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How to solve most NLP problems: a step-by-step guide (insightdatascience.com)
461 points by e_ameisen on Jan 24, 2018 | hide | past | favorite | 74 comments

Word2Vec and bag-of-words/tf-idf are somewhat obsolete in 2018 for modeling. For classification tasks, fasttext (https://github.com/facebookresearch/fastText) performs better and faster.

Fasttext is also available in the popular NLP Python library gensim, with a good demo notebook: https://radimrehurek.com/gensim/models/fasttext.html

And of course, if you have a GPU, recurrent neural networks (or other deep learning architectures) are the endgame for the remaining 10% of problems (a good example is SpaCy's DL implementation: https://spacy.io/). Or use those libraries to incorporate fasttext for text encoding, which has worked well in my use cases.

Author here. One of the reasons to start with something even simpler than embeddings such as fastText/Word2Vec, is their ease of explainability. As this blog post alludes to, the majority of ML work is data work, and in order to efficiently work on your data, understanding what your model does right/wrong is critical. This is why we favor starting with approaches that might seem simple or outdated. Once you see how these approaches fail, you can better inform your choice of a complex model.

Having worked on modeling data and sharing results with customers, I agree simpler solutions can be better for ease of explaining alone. Additionally, the loss of x percent accuracy with lower-tech solutions can sometimes be worth it because they are easier to train and reason with. This is particularly the case when you are just looking for loose directional indicators and correlations.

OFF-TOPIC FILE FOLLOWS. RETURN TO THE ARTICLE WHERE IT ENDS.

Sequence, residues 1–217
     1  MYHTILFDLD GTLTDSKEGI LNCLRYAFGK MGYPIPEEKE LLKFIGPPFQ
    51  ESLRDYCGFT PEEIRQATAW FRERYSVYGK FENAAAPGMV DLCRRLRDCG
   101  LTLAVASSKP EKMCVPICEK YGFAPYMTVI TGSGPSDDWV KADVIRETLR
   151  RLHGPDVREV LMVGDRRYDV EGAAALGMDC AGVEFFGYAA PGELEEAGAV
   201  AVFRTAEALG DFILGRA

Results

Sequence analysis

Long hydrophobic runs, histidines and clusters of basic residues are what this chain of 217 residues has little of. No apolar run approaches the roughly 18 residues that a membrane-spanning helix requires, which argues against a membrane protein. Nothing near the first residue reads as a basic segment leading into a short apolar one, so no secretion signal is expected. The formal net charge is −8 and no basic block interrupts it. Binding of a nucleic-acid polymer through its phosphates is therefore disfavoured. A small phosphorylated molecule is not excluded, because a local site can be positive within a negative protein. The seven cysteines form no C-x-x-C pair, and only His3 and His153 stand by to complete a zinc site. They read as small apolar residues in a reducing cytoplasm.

If simple solution gets 77% accuracy, and complex solution yields 80%, I would wager that most of the time you should just stick with the simple solution.

One specific example that comes to mind is in sentiment analysis where you can achieve "sufficiently" high accuracy with well tailored Bayesian approaches. They are super fast to train and reason with. If a customer/consumer wants to know exactly why a piece of text is positive or negative, the n-gram probability matrix is extremely easy to inspect. Subsequent re-training and fixing is also much easier than re-training a large neural network, svm, etc.

Can you explain how you reduced sentences to 2 dimensional entities using PCA ?

First, FastText is very similar to (a superset of) Word2Vec. Secondly. RNNs are far from being endgame for anything. In fact, recent research has been moving away from them towards more predictable and parallelizable methods (see, e.g., Google's Transformers, aka "Attention is all you need", or FAIR's approach to translation using CNNs).

Added a note about other DL architectures.

You may be painting with too broad a brush. I've worked with a number of NLP people to try to beat our tfidf model using deep methods and various word vectors. The tfidf still performs better. I think the reasons are: many out-of-vocab words, and small amounts of labelled data.

Coming a bit late to the discussion, but out-of-vocab words and small amounts of labelled data is the exact kind of problem that word embedding vectors are meant to solve, and they do so exceedingly well. Of course, you need a good, large source of (unlabelled) data, preferably approaching the gold standard of "everything that has ever been written about your problem domain" to train the embeddings, and that takes some effort, but then the out-of-vocab words must be exceedingly rare (i.e. only if it's a genuinely new word that has never ever been mentioned before, or a very very rare term that you've discarded), and even that can be solved well with character-based embeddings.

I built a docker image exposing spacy.io (with their largest en model) as rest endpoints


I'm not an expert but I'd be surprised if you could declare any approach "endgame" at this point.

My interpretation is that they meant something like "last resort" there.

Fasttext is not that different from word2vec

Fasttext's ability to handle OOVs, however naïve, cannot be understated. I'm not sure about the literature on this, but I think generalizing based on character-gram wordvectors is probably better than assigning a dropout based common OOV vector.

Evolution for sure, heck, they even has the same author. But fasttext is the same idea as word2vec, the objective is identical.